The formula for recruiting success is beginning to look a lot like a marketing strategy:
Recruiting Success = Data + Targeted Content + Authentic Information + Candidate Interaction + Candidate Experience + Brand
A note on brand:
Please do not confuse what I am saying with recruiting brand. Recruiters have spent too much time relying on their recruiting brand to differentiate themselves when, in reality, it is the ability to shape opinion, create emotion and create authentic interaction between candidates and employees that leads to the best results.
Employment brand is only a tiny piece of the equation. For example, Macy’s brand is an integral part of its success, but it also needs to make sure salespeople engage customers and give discounts and enticements to come into the store. They need ways to solicit shopper feedback. They need displays that create emotion and create a desire to buy. They also need to collect and analyze data about what customers buy, when they buy, what actions improve sales and inhibit sales, and so forth. A successful marketing or recruiting process is far more than just a brand.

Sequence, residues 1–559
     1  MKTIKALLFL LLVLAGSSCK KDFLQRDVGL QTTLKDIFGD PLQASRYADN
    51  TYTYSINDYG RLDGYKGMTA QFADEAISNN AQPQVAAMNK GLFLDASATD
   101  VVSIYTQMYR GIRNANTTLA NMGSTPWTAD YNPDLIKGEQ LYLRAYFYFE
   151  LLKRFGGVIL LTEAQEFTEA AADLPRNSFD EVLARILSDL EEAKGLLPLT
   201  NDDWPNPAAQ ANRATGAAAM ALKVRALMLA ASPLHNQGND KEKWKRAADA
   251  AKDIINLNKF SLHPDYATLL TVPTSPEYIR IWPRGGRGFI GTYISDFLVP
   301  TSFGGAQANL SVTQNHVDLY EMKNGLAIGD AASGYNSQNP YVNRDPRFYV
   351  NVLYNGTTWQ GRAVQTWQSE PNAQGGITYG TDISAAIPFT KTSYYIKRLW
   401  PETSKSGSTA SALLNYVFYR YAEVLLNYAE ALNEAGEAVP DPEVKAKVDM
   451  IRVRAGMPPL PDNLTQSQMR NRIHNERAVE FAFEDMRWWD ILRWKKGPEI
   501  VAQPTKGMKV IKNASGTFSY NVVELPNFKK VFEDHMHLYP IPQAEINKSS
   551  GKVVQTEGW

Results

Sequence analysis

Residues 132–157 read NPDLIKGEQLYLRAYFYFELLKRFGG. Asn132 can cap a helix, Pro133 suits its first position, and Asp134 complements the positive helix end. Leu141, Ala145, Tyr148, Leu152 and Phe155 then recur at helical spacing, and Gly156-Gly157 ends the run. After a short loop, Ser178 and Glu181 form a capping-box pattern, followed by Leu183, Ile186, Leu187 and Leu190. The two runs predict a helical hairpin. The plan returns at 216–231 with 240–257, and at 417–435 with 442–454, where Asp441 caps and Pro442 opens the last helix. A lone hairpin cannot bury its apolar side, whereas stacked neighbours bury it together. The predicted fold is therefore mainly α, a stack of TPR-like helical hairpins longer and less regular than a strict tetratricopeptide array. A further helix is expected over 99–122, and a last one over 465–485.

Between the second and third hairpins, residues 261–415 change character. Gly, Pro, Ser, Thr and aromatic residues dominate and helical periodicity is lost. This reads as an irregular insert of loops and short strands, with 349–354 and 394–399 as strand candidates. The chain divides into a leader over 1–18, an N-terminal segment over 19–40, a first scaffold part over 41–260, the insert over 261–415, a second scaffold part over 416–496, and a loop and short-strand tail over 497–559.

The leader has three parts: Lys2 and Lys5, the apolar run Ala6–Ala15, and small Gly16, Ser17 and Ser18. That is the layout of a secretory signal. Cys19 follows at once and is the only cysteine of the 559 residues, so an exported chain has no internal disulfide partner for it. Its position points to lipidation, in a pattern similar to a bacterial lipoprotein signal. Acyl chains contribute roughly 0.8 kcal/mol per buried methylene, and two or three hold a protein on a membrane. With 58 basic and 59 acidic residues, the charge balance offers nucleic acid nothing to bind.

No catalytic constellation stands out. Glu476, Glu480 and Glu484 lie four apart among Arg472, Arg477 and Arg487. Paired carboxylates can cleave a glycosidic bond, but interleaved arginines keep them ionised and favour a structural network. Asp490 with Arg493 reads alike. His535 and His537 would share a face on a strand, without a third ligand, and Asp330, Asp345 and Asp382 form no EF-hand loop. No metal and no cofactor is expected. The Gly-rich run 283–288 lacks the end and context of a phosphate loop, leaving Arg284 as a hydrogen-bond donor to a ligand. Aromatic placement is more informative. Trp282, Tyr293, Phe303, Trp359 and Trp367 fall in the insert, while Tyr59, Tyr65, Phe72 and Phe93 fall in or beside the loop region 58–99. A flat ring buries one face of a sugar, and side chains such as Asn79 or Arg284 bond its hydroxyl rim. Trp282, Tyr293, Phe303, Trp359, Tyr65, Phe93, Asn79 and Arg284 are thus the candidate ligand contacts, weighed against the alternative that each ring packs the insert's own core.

This article first appeared in the Future of Talent Newsletter and has been re-published here with permission.
Cover image: Shutterstock